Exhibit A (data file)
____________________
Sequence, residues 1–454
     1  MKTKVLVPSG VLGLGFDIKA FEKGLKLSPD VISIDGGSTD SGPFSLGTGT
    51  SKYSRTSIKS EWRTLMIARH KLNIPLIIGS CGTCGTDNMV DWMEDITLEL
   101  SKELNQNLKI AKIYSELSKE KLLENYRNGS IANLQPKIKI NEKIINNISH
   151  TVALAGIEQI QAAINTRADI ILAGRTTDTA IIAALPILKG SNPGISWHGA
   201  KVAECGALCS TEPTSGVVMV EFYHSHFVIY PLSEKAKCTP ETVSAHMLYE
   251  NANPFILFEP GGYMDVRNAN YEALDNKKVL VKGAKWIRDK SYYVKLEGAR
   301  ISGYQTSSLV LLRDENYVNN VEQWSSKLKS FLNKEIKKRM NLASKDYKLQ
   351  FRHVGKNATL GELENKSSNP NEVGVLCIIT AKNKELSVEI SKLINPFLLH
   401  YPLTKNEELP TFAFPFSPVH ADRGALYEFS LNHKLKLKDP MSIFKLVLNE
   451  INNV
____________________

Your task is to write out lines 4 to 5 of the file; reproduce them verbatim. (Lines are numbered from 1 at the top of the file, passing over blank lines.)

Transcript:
   101  SKELNQNLKI AKIYSELSKE KLLENYRNGS IANLQPKIKI NEKIINNISH
   151  TVALAGIEQI QAAINTRADI ILAGRTTDTA IIAALPILKG SNPGISWHGA